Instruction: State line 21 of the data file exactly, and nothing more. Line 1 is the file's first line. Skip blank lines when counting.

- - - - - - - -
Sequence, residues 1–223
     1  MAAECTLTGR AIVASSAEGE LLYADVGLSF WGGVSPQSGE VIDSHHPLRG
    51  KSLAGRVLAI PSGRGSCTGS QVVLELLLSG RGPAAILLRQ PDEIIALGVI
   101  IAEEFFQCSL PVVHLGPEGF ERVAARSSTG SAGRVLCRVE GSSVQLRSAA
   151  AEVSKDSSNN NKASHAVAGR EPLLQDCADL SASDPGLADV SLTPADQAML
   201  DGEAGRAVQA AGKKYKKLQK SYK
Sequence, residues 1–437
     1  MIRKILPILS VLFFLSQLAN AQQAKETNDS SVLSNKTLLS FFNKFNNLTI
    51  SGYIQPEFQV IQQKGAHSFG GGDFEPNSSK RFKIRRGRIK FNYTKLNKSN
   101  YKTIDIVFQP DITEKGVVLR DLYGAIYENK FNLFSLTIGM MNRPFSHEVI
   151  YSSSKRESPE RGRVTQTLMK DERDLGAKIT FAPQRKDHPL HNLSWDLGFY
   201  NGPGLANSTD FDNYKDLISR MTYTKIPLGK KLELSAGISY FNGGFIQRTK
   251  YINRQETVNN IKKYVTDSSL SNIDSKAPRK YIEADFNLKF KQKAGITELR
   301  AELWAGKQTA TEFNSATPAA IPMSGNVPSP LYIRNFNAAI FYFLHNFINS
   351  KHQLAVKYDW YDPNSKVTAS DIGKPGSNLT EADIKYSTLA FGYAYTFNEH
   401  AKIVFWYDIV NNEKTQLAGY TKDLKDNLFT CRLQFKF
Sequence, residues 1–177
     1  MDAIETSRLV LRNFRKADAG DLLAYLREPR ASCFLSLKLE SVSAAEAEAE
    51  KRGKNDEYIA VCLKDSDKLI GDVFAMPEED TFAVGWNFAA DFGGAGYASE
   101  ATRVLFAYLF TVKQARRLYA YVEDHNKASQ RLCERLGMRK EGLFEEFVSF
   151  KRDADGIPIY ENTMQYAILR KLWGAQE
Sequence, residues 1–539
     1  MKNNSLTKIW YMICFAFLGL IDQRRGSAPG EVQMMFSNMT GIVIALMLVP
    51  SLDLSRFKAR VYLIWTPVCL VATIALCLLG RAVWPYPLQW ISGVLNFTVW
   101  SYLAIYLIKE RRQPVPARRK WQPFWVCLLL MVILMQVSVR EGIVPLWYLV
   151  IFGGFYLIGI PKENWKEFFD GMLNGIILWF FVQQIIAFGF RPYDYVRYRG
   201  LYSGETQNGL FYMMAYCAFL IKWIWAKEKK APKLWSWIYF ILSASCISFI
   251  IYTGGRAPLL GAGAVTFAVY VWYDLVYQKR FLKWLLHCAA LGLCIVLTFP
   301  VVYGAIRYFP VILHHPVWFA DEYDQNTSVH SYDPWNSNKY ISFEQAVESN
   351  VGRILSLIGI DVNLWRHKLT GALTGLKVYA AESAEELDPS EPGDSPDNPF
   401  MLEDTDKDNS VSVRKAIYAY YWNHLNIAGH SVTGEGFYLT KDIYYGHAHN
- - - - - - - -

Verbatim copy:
   151  KRDADGIPIY ENTMQYAILR KLWGAQE